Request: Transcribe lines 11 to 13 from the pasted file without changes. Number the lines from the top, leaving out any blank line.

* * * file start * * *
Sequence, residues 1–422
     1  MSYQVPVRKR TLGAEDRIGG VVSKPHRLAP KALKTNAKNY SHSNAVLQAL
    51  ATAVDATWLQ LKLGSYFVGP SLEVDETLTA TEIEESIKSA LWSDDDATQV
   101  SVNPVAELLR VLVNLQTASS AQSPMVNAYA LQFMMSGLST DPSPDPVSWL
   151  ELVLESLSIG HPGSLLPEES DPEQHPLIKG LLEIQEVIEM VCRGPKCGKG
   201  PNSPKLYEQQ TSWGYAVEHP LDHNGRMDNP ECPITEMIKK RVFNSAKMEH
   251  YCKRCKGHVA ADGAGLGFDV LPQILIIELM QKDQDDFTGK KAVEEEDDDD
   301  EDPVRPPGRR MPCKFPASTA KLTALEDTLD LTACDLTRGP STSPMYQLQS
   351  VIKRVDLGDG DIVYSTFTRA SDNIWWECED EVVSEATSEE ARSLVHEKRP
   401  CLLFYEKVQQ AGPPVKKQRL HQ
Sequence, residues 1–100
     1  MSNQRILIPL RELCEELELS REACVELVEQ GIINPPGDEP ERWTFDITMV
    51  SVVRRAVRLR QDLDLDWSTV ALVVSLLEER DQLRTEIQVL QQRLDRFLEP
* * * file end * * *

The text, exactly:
Sequence, residues 1–100
     1  MSNQRILIPL RELCEELELS REACVELVEQ GIINPPGDEP ERWTFDITMV
    51  SVVRRAVRLR QDLDLDWSTV ALVVSLLEER DQLRTEIQVL QQRLDRFLEP